A bridge inspector who turned to drug dealing to pay for his cocaine habit after losing his job was jailed for 30 months on Friday.
Civil engineering graduate Daniel Williamson shook more than £4,000 worth of heroin out of his clothing as he grappled with police.
He brawled with officers as he tried to stamp on it and destroy it when they struggled to arrest him.
Williamson, a graduate of John Moores University in Liverpool, was on the notorious “Scally run” transporting drugs from the city into Scotland.
His bungling sidekick was driving too fast on the A94 near Scone and the heroin was found when they were pulled over for speeding.
Perth Sheriff Court was told Williamson had a recreational cocaine habit and was able to pay for his drugs from his well-paid job until he was made redundant.
However, his money quickly ran out while he was jobless and he continued using cocaine – building up a debt which he was forced to pay off.
Solicitor David Holmes, defending, said Christmas was approaching and Williamson was forced to do the drug run so he had enough money to pay for his children’s presents.
Depute fiscal Michael Sweeney told the court: “Officers on mobile patrol saw a car in excess of the speed limit and requested it pull over.
“The driver stepped out and said ‘I don’t need this.’ The accused was still in the car. They were of the opinion he was extremely nervous.
“Officers were aware of the well known traffic between Liverpool and Scottish cities. The accused became agitated and began to wave his hands above his head.
“White bags fell out of his clothing. He began to stamp on the bags. More bags fell from him and he continued trying to destroy them by stamping on them.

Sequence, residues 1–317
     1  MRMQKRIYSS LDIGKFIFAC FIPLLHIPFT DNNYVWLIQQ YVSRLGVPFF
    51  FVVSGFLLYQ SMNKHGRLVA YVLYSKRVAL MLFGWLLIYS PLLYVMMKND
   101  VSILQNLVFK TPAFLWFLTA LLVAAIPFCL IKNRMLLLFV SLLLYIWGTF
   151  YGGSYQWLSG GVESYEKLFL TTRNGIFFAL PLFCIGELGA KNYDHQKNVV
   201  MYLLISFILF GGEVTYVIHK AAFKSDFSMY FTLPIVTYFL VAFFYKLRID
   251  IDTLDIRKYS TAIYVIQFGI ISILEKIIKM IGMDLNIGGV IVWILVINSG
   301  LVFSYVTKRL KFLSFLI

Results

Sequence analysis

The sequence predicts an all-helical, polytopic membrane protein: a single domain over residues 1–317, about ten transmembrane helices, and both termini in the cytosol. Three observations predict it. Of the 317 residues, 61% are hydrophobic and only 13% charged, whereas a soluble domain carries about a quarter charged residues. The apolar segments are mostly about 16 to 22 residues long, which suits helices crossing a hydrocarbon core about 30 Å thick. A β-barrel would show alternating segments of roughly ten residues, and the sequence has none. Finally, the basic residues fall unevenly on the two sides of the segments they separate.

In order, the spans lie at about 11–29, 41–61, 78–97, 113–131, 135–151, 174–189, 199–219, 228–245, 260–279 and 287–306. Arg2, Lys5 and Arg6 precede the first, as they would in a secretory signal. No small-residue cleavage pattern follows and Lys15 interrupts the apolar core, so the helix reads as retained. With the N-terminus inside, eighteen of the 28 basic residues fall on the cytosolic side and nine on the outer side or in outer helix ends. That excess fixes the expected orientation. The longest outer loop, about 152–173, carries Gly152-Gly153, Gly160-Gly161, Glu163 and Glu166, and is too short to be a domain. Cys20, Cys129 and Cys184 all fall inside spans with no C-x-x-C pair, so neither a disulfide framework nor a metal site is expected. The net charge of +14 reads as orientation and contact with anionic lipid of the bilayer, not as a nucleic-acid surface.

“Further officers arrived and as he continued to struggle more bags fell from him.”
Williamson, 31, admitted having heroin with intent to supply it on the A94 in Scone, Perthshire, on December 16.
He also admitted resisting officers by struggling with them while discarding drugs packages from his clothing and stamping on them.
Mr Sweeney said some of the drugs had been destroyed in the fracas but the officers believed they had recovered around 90 per cent of the haul.
He said the struggle had been “prolonged and violent” and a female officer had been left with a bleeding nose.
Williamson was placed in a police van and when an officer loosened his handcuffs yet another bag of drugs fell out of his sleeve.
Sheriff William Wood said: “You are 31 with a commendable employment history behind you and it is a disappointment you find yourself here on a matter of this gravity.
“Class A drugs are a scourge on our society. They affect family relationships and the stability of society as we would like to see it.”